Through my long career in forest conservation, I’ve observed that there are many “good things” that an organization can do to add value, “move the needle” forward on conservation results, and look to conserving our future forests. The real trick is figuring out the right things to do first.
Thankfully, there are innumerable organizations working in partnerships to advance forest conservation, and most of them give careful thought to priorities that make the most impact. At SFI we are fully behind this and we are very interested in continued partnerships that provide leverage to advance key ideas or methods, and which provide insights that have impact far beyond the bounds of the original project. Great examples can be found in the work of some of our past grant recipients. For example, the American Forest Foundation is working to refine outreach approaches to landowners within one of the most significant landscapes for longleaf restoration, thus elevating opportunity for landowners and conservation outcomes for longleaf restoration all at the same time. The methods they develop will be replicable across any number of significant landscapes, and a variety of forest types where the actions of private landowners can make a real difference.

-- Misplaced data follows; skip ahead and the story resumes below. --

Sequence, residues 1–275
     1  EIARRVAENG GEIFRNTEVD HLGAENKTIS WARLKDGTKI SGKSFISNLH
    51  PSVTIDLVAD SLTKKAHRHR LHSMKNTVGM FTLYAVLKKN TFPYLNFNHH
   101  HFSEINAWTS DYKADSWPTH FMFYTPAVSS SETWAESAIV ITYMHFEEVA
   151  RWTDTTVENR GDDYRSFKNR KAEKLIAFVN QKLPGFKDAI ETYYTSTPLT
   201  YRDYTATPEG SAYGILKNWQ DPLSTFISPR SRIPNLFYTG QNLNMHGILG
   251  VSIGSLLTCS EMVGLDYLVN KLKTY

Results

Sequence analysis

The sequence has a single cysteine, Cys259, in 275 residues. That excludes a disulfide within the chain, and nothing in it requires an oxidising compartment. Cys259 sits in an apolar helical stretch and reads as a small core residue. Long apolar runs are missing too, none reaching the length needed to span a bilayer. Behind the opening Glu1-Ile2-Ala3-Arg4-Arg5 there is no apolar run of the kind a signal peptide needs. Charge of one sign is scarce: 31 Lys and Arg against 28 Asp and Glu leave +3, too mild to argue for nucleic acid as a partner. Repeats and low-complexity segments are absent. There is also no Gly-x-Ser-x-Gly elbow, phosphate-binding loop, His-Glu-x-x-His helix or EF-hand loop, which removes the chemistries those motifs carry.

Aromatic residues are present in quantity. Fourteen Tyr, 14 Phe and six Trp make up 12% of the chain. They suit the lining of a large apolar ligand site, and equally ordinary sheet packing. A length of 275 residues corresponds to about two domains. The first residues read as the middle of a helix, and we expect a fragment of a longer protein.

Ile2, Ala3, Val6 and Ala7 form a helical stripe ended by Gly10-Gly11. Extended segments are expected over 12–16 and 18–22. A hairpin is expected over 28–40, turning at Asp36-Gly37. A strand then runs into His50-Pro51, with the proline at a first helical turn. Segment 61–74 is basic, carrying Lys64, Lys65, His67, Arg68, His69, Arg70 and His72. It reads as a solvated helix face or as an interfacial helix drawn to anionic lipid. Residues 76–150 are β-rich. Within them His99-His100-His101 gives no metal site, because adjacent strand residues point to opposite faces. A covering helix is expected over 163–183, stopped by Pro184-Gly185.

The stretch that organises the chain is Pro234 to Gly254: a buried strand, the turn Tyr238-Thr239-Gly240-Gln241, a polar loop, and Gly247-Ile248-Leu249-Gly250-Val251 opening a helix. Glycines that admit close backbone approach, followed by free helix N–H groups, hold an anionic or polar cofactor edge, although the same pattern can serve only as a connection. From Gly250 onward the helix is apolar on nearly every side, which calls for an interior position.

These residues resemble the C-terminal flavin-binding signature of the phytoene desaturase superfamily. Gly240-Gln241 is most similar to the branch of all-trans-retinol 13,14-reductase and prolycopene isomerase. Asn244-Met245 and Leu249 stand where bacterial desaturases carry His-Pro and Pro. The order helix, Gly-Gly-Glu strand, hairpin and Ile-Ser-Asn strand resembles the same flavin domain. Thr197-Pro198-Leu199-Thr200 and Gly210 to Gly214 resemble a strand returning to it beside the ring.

Lately, I’ve had the opportunity to hear from some great partners who are considering applying for a Conservation and Community Partnerships Grant through SFI. It’s really gratifying to hear the range of ideas under consideration and to know that, through the great work of some creative partners, SFI will continue to move the needle forward on forest conservation.
The application deadline for the Conservation and Community Partnerships Grant Program is quickly approaching: February 21. For more information, and for your chance to participate, please check out the RFP here.